A blend of clear and opaque compositions is deposited in the form of chips upon the pigmented layer and formed into a sheet thereon by heat and pressure. 'I'he size of the chips can range in face area from about 0.05 inch in diameter to about 1.5 inches in dia-meter. The thickness of the chips hasv been disclosed hereinabove and is preferably from about 1K6 to about 2/3 of the thickness of the translucent decorative wearing surface created by the sheet forming step. A chip thickness in the range of 1A to 1/z the translucent wearing surface thickness is particularly effective. The thickness of the translucent wearing surface of the product is normally in the range of about 0.015 to about 0.050 inch.

The invention will be described with reference to the drawing wherein FIGURE yl is a schematic representation illustrating one embodiment of the method of producing a decorative plastic surface covering in accordance with the invention, FIGURE 2 shows a modification of the method illustrated in FIGURE l', FIGURE 3 is a face view of `ra oorcovering prepared according to `the 'invention illustrating {o'n'e pf the forms of pattern 'effect which can vbe achieved, and 'FIGURE 4 is across-'section of a floor covering `prepared according tothe invention such as shown in FIGURE 3.

With reference vto VFIGURE l, a supply of resin, plasticizer and stabilizer is added to a Banbury mixer 11 which is operated at a temperature of 350 F. and lin which the 'ingredients' are intimately mixed .and blended and 'fthe resin becomes fused and solvated by the plasticizer. `Ih'e fused composition 12 drops from theBanbury vmixer 'into the nip between a pair of heated rotating calender rolls 13, 14 from which aclear sheet of plastic compositionis withdrawn. 'I'he sheetv is carried by a conveyor belt 16 into a rotary cutting unit 1'7 in which the sheet is cut into a plurality of chips 18.`

A supply of resin, plasticizer, stabilizer, 'pigment and filler is fed to a second Banbury mixer 21 operated at a temperature of 350 F. I'he ingredients are thoroughly and intimately blended in the Banbury mixer and the resin becomes fused and solvated by the plasticizer. The fused composition 22 drops from the second Banbury mixer into the nip between a pair of heated rotating calender rolls 23, 24 between which a pigmented opaque plastic composition sheet 25 is formed. The sheet is carried by a conveyor belt 26 into a second rotary cutting unit 27 wherein the sheet is cut into a plurality of chips 28.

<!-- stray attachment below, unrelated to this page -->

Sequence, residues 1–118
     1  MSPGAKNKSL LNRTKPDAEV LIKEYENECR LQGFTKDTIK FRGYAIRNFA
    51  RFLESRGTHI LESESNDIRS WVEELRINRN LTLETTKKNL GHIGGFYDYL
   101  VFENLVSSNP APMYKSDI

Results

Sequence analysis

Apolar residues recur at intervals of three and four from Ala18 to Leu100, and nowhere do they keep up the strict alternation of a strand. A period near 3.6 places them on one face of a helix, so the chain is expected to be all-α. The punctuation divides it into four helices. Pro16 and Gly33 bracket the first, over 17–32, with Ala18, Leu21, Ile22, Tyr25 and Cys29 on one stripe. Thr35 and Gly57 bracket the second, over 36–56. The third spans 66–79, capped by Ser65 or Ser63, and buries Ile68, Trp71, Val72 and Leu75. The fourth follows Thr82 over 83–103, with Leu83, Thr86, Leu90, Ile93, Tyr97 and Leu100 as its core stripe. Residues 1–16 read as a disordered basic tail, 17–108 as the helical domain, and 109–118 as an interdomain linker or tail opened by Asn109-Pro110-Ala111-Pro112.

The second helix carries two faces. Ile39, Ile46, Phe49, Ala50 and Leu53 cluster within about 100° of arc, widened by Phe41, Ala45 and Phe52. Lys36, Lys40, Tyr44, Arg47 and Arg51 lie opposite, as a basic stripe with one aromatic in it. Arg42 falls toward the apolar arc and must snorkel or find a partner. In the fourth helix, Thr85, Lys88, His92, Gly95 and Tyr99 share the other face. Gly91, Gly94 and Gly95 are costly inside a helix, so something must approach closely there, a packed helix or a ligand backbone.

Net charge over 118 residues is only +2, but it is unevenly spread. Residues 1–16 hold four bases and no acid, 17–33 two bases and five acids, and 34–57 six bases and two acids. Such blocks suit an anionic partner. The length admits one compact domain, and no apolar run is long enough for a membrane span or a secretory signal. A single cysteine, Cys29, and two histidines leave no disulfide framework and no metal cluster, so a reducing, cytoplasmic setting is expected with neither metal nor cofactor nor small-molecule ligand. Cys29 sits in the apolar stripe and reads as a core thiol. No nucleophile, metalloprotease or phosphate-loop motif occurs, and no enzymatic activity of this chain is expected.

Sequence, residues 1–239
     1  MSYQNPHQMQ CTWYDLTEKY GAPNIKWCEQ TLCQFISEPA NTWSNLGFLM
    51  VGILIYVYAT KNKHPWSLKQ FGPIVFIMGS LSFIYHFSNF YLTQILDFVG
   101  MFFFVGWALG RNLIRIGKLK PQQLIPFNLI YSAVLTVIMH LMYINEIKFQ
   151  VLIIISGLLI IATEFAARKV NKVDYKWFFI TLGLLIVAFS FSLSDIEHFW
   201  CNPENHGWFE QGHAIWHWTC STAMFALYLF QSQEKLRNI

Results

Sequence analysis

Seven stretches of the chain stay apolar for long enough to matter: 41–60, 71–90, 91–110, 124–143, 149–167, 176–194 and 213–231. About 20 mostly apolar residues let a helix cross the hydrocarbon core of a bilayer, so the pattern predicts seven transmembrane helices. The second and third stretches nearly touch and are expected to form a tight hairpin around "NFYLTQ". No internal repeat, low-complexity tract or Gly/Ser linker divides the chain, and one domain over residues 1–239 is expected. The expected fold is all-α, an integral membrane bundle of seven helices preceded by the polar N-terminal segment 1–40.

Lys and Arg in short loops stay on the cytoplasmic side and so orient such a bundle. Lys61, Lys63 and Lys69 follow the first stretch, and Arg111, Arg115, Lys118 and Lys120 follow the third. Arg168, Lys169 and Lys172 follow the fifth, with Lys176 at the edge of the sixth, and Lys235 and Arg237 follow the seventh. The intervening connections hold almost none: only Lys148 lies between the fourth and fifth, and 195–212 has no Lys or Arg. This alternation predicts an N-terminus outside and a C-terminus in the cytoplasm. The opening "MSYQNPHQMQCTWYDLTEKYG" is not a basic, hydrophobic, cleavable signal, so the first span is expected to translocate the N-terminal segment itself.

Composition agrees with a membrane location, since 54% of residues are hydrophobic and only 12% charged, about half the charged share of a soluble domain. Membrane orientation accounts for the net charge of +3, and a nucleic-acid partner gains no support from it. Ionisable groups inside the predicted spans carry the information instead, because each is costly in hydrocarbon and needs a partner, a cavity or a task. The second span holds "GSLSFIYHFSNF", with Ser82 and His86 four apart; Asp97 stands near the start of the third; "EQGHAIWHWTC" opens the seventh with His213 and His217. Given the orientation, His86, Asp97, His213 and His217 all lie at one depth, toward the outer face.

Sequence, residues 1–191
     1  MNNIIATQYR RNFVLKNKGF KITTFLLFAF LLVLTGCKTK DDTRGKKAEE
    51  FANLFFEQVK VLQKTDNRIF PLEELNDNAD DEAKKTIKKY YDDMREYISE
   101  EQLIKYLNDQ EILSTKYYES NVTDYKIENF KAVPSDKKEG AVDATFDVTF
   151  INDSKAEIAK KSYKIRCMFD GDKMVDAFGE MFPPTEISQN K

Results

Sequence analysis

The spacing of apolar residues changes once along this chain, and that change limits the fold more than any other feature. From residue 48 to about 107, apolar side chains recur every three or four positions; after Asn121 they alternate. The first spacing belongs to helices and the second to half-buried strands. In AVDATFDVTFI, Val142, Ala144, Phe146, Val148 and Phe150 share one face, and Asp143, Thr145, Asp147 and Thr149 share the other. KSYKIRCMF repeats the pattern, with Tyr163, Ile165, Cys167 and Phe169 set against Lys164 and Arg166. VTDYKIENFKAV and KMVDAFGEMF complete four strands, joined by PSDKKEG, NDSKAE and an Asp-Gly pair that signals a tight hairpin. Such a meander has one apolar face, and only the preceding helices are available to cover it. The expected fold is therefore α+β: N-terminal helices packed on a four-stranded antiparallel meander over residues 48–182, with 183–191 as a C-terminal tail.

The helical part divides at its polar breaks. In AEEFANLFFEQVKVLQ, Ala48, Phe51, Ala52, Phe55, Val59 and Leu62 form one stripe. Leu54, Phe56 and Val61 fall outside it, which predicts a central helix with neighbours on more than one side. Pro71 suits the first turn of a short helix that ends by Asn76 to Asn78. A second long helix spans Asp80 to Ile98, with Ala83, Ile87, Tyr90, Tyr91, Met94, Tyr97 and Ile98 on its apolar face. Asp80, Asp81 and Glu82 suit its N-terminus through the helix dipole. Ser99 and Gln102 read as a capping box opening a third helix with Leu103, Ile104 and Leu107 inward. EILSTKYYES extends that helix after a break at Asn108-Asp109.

The clear chips 18 and the pigmented opaque chips 28 drop into ,a tumbling mixer 29. From the mixer is withdrawn a uniform blend of chips 31 which fall into the nip between a pair of heated rotating calender rolls 32, 33. A sheet 34 having opaque areas and clear light transmitting areas is produced between the calender rolls and the sheet is carried by a conveyor belt 35 into a third rotary cutting unit 36 in which the sheet is cut to form a plurality of chips 37.

A sheet of impregnated felted cellulose fibers 41 passes onto and is carried by a conveyor belt |42. A mass of liquid pigmented resinous composition 43 is doctored by a doctor 'blade 44 to provide a thin uniform coating 45 on the upper surface of the felted fibrous sheet. The coating is dried by passing beneath an oven 46 which bears a plurality of radiant heating units 47 thereby forming a dried pigmented layer 48 upon the felt. The chips 37 fall upon the pigmented layer to form a layer of chips 49. The sheet is passed beneath a at bed-press formed of a base 50 and a resilient layer 51 upon which the felted fibrous sheet rests' and an upper heated pressing surface '52. In the press the layer of chips is formed into a smooth decorative layer '53 having opaque areas and clear light transmitting areas through which the pigmented layer 48 is visible to create a three-dimensional effect. The product 54 is withdrawn from the press and can be used as a decorative surface covering as produced or can be cut into standard square or rectangular pieces or other shapes if desired.

FIGURE 2 illustrates an alternate method of forming clear and opaque compositions into sheets which can then be cut into chips, blended, and the blend used in the method illustrated in FIGURE l. A mass of clear thermoplastic resinous composition 56 in the form of a fluid plastisol or organosol is cast by means of a doctor blade 57 onto a smooth metal belt `58. The belt lcarries the thin clear layer beneath a `heating oven 59 provided with a plurality of radiant heating elements 60 to yield a clear fused thermoplastic resinous composition sheet 15. The sheet is cut by cutting unit 17 into clear chips 18 as already described in connection with FIGURE 1. A mass of pigmented opaque thermoplastic resinous composition 61 formulated as a fluid plastisol or organosol is cast by means of a doctor blade '62 onto a smooth metal belt 63. The thin layer of pigmented composition is carried by the belt beneath an oven 64 provided with a plurality of radiantY heating elements 65v to yield a pigymented fused thermoplastic resinous-sheet 25. The sheet it from the consolidated resinous composition.